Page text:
Slams

What is a slam?
A poetry slam is a competition between poets or teams of poets.  It usually consists of three or four rounds.  During each round, each poet (or team) performs one of his or her original pieces.  In team slams, a team can perform a group poem that uses more than one voice.

Before the slam, the host selects five judges at random from the audience.  After each poem, the judges assign the piece a score between zero and ten.  The scorekeeper drops the high and low scores and totals the remaining three.  The poets with the most points go on to the next round, and ultimately win the slam.

Slams are usually noisy and high-energy.  They are a great venue for writers to perform to an enthusiastic crowd.


Slams at Wash U
WU-SLam hosts a Preliminary Slam for each month of the Fall semester.  In each of these four Slams, approximately eight individual poets compete.  The poets who win first and second place in each Preliminary Slam qualify for the Grand Slam.  Once a poet has placed first or second in a Preliminary Slam, they cannot compete in another slam until the Grand Slam.

The Grand Slam is held in February and is used to select the Slam Team that represents Wash U at Nationals.  In addition to the eight poets who ranked in the top two in the Preliminary Slams, WU-SLam chooses two Wild Card Poets to compete in the Grand Slam.  The Wild Card Poets are poets who showed their skill in the Preliminary Slams, but who didn't take first or second place.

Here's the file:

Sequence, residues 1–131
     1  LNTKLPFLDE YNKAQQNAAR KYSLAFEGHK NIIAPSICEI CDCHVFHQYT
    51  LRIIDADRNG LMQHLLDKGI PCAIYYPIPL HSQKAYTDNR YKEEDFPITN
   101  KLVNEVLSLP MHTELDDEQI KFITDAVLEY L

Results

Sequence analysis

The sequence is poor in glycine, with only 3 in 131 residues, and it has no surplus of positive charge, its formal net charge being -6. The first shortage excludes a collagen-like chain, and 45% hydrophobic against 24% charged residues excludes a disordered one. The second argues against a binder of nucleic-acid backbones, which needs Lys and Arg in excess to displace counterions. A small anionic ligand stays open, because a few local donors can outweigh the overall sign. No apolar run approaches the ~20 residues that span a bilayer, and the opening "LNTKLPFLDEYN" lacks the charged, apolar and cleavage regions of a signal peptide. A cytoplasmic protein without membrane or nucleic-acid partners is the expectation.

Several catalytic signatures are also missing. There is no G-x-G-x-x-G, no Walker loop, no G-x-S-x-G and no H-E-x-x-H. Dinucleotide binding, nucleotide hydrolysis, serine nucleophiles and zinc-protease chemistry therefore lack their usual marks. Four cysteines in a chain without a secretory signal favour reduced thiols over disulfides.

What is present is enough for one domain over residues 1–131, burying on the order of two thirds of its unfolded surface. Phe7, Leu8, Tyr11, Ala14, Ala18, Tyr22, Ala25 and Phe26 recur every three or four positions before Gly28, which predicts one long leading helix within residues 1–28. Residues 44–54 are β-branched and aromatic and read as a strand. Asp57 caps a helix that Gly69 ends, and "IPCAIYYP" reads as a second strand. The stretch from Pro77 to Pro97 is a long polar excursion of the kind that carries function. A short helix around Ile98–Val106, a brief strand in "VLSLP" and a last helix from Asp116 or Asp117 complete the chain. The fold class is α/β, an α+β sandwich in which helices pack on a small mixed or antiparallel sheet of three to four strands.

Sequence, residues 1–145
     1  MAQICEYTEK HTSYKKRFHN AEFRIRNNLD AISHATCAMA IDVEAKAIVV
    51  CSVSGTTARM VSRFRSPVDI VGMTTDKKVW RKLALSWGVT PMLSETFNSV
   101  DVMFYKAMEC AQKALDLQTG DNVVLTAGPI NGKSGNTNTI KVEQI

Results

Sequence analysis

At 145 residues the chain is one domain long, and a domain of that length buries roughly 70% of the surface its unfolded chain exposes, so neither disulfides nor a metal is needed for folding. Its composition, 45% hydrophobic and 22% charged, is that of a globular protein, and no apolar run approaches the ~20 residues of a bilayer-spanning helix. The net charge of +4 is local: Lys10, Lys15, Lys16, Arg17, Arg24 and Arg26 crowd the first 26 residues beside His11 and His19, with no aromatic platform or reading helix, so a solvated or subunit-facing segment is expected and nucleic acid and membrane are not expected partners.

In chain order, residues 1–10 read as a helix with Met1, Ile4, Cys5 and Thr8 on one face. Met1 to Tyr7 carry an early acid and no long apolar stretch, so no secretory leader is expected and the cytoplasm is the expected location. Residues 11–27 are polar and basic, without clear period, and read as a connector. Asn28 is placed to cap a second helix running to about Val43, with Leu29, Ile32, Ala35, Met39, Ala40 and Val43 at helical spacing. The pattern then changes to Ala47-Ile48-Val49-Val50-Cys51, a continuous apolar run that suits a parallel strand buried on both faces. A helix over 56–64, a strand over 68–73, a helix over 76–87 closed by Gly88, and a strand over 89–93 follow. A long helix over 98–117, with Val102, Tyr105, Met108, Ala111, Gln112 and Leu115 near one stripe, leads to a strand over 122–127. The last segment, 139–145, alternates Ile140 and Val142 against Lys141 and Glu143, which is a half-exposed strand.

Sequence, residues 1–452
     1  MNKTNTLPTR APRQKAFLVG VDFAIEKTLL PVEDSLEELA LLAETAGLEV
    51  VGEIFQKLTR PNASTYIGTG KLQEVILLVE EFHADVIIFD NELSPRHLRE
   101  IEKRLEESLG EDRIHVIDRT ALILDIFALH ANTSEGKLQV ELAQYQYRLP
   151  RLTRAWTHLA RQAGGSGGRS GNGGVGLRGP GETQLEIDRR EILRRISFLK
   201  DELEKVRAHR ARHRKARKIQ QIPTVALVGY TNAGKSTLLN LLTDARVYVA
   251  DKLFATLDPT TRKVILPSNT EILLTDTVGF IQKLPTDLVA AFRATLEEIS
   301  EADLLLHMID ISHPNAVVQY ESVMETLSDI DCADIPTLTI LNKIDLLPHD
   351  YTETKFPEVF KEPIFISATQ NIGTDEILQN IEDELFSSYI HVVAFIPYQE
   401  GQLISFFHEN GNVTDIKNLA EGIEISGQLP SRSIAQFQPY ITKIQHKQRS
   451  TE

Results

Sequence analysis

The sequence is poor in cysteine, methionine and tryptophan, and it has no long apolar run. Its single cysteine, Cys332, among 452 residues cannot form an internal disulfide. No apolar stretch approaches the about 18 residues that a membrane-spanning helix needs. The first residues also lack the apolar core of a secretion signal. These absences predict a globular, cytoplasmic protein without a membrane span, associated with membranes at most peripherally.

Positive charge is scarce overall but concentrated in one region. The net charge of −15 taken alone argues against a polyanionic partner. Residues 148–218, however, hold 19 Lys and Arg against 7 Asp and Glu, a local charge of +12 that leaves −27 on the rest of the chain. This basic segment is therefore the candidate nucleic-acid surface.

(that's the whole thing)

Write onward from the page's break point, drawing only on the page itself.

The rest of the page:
Slams are often hosted by visiting poets and begin with an open mic, an opportunity for anyone in the Wash U community to perform their poetry.

In the past, we have held slams in Ursa's Cafe, the Gargoyle, and the DUC.


Can I be in a slam?
Yes!  Anyone can slam, whether you are affiliated with WU-SLam or not. Signups are typically held at Inklings one or two weeks before the slam date. Contact Jesse Huang if you have any questions.

If you want to perform but aren't interested in competing, you can participate in the open mic, or you can volunteer to be the Sacrificial Poet, the poet who is used to calibrate the judges' scores.